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According to the World Food Program on November 10, “Haiti is approaching famine-like conditions, with more than 1 in 3 people in the country of 11 million in need of urgent assistance. Food insecurity in Haiti’s rural areas has increased by 15% since the last analysis in December 2018. For the first time, the assessment shows that 850,000 people in the capital of Port-au-Prince are suffering severe hunger, with many not sure when they will eat again.”
Intense protests began in July 2018 after an oil price hike and the discovery that the government embezzled nearly $3.8 billion from that PetroCaribe funds coming from Venezuela and other funding received by Haiti that was supposed to be used for public projects and infrastructure, but there have been little to no evidence of these projects being completed.
Protests have happened on and off since last July, but the manifestations have been taken to a whole new level since September 16, 2019. For the past 8 weeks, protests have stricken the streets in forms of road blocks, gang violence, bribery, and other actions in efforts to make the government respond and to fight for change within Haiti’s governmental system. These people include the opposition party and Haiti’s working-class who is fed up the with corruption and greed that has continued for decades.
The turmoil has resulted in an extremely challenging situation for each one of our 14 village feeding programs across Haiti. We have enough food in our depots to administer our feeding programs but we are not able to get the food to where it is needed due to the roadblocks and dangerous conditions across the country.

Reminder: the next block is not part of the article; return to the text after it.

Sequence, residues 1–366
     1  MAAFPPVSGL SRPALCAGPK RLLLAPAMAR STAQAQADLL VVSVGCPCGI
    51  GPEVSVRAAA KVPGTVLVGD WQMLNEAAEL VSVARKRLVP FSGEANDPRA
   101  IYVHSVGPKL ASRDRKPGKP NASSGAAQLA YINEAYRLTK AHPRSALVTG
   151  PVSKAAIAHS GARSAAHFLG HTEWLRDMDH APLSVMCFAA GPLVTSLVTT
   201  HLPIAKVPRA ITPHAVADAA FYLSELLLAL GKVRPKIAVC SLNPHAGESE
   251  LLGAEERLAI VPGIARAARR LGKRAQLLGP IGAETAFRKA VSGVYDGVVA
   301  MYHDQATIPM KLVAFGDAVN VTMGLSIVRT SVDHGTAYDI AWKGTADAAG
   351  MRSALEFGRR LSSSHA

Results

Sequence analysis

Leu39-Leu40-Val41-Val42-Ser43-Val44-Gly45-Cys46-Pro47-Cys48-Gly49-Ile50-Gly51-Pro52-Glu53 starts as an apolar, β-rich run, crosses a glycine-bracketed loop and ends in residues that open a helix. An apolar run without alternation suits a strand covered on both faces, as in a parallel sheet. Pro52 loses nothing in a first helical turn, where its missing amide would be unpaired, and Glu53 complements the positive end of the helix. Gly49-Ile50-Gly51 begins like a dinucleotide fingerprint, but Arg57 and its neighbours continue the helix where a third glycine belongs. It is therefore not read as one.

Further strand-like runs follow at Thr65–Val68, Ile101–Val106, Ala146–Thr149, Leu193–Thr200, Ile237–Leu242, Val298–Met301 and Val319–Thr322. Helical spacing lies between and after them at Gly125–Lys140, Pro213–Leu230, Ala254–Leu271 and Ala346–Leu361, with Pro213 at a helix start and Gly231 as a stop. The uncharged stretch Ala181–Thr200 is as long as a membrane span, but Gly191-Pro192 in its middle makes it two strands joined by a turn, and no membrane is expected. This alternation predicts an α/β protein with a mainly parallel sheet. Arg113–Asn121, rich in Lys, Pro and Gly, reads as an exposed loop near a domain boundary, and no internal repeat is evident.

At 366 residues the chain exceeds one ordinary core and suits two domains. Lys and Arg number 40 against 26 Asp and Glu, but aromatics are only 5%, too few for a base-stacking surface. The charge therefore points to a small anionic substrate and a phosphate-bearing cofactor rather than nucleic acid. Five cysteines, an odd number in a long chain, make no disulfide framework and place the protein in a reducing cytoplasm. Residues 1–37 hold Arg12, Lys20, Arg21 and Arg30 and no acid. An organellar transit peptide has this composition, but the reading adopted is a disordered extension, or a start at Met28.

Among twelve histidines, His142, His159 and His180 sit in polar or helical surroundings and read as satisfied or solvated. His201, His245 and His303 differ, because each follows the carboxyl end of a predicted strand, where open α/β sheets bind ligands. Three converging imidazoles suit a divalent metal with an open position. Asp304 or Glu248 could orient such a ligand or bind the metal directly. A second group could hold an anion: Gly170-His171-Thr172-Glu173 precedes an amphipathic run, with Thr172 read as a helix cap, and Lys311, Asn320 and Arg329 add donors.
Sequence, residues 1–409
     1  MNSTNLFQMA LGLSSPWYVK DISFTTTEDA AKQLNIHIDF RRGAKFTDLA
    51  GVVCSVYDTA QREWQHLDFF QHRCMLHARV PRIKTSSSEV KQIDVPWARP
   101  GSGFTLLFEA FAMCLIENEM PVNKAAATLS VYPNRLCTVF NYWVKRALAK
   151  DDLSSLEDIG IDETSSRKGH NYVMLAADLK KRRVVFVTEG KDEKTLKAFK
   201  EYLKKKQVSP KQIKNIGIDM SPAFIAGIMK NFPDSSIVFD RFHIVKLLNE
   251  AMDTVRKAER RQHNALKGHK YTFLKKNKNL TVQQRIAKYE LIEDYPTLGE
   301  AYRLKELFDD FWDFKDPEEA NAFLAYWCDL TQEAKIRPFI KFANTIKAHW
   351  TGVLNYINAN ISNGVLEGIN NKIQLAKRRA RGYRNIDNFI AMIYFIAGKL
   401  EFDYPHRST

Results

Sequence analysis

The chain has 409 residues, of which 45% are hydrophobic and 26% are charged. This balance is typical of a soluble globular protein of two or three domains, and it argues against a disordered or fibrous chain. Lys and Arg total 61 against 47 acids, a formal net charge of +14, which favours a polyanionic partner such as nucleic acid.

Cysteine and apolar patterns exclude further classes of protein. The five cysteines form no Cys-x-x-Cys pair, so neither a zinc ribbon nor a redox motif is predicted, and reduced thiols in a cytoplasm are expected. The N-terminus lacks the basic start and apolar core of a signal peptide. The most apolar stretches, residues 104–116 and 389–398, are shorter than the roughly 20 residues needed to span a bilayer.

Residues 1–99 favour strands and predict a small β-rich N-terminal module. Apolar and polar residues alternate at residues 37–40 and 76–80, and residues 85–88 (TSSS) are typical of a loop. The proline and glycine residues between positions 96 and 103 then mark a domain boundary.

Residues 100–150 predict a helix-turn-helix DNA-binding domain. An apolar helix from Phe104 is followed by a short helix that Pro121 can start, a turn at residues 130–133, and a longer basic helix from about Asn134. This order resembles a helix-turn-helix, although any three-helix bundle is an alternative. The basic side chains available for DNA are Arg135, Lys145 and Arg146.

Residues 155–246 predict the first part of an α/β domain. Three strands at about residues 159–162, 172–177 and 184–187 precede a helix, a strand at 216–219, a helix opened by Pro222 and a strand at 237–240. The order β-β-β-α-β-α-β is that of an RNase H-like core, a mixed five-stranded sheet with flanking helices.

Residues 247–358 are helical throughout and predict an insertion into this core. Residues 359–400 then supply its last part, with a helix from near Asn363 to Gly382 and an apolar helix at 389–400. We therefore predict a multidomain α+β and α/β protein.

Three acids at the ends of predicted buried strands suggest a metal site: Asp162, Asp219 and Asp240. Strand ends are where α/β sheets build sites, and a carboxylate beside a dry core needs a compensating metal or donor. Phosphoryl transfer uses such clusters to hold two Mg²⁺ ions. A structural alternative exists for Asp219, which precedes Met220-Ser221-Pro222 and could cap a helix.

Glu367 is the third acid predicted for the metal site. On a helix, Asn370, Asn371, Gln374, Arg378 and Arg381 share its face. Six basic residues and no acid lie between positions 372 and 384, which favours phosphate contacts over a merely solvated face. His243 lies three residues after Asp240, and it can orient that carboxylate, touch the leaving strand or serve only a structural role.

However, we are unable to use our vehicles to get the food out to our feeding programs at this time. If a protestor sees a truck trying to get past a barricade with food, it is likely that they will try to stop the truck and steal the food because of the desperate situation many are in. Adults are living on an average of $500 per year, and as costs continue to rise, it is getting more difficult for families to feed their children.
Our solution in getting the manna packs to our villages is to helicopter the food to areas near our sites and then deliver them in unmarked bags via motorcycles, passenger vehicles, and even donkeys in some cases to get them to our villages.
Will you partner with us to help provide food for nearly 5,000 children across Haiti who rely on us for their meals? For most of these children, their families do not know where their next meal is coming from. We must step in and help these families during this time of desperate need. We cannot thank you enough for your support in these efforts.